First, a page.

Tory leadership race: Johnson refuses to ‘damage anybody’s chances’ by making endorsement
Boris Johnson has said he does not want to “damage anybody’s chances” of winning the Tory leadership race by making an endorsement.
The Prime Minister said he wanted to “let the party decide, let them get on with it”, after a flood of Tory MPs over the weekend announced their campaigns to become the next leader of the Conservative party and UK Prime Minister.
The 1922 Committee of Tory backbenchers will today announce the timetable for the contest, with a new leader of the party expected to be announced in early September.
Former chancellor Rishi Sunak has the most declared support from current Tory MPs, followed by trade minister Penny Mordaunt, Foreign Affairs Committee chair Tom Tugendhat, foreign secretary Liz Truss and chancellor Nadhim Zahawi.
Johnson said today during a visit to a London biomedical research centre that he would be staying well out of the coming leadership race and would remain neutral.
“There’s a contest underway and that must happen and I wouldn’t want to damage anybody’s chances by offering my support. I just want to get on, I have to get on, in the last few days and weeks with the job,” he said.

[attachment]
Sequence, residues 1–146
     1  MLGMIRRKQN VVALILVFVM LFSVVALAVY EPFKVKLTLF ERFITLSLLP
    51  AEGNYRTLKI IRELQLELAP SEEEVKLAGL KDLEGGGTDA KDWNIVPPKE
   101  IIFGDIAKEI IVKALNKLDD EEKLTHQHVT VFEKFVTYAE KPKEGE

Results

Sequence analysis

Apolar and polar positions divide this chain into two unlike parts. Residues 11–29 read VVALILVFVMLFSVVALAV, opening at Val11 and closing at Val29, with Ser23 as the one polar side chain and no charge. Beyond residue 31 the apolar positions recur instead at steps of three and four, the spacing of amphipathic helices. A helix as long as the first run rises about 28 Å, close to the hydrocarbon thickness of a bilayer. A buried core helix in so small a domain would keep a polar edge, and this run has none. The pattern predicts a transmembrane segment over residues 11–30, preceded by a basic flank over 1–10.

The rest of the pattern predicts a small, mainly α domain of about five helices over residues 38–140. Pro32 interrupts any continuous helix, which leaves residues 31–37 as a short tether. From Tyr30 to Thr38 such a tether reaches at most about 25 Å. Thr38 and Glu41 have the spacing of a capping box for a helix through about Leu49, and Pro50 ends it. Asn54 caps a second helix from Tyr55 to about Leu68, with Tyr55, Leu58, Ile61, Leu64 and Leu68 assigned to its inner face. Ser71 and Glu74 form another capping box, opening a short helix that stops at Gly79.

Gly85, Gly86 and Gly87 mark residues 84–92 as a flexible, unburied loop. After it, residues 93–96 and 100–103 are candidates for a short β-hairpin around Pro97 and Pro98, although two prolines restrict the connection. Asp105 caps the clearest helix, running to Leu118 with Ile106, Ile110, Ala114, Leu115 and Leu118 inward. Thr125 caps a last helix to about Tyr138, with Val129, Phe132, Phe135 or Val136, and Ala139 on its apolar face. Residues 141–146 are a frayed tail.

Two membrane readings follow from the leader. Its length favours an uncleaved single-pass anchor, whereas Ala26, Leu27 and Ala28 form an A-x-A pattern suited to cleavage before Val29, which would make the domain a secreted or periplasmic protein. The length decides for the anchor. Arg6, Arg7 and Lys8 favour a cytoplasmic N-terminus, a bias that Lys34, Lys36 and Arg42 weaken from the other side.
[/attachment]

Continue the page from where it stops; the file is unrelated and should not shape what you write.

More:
The early stages of the leadership contest have largely been focussed on candidates trying to outduel one another on tax cuts and on separating themselves from Johnson.
Former foreign secretary Jeremy Hunt today said he wanted to cut “all taxes” if made Prime Minister, while Truss and ex-health secretary Sajid Javid have also gone big on promising cuts to Corporation Tax.
Zahawi, Mordaunt, Tugendhat and attorney general have also vowed to cut taxes if made leader.
Standing against them is Sunak, who has said that now is not the time to cut taxes as it would leave a massive hole in the budget and would likely fuel further inflation.
He said during his leadership announcement video that the party has two choices.
He said: “Do we confront this moment with honesty, seriousness and determination? Or do we tell ourselves comforting fairytales that might make us feel better in the moment, but will leave our children worse off tomorrow? Someone has to grip this moment and make the right decisions.”
The 1922 Committee is expected to announce today that the leadership contest will begin this week.
There will be a series of votes among Tory MPs until the parliamentary party whittles the field down to the last two contenders.
The last two contenders will then campaign over five or six weeks to win the votes of the 200,000 Tory members who will effectively choose the next Prime Minister.
A spokesperson for Truss today said that “Liz is the only candidate” that can united “the Red and Blue Wall, has a clear vision for the country and economy based on Conservative principles, and has the experience and track record to deliver that vision and hit the ground running on day one”.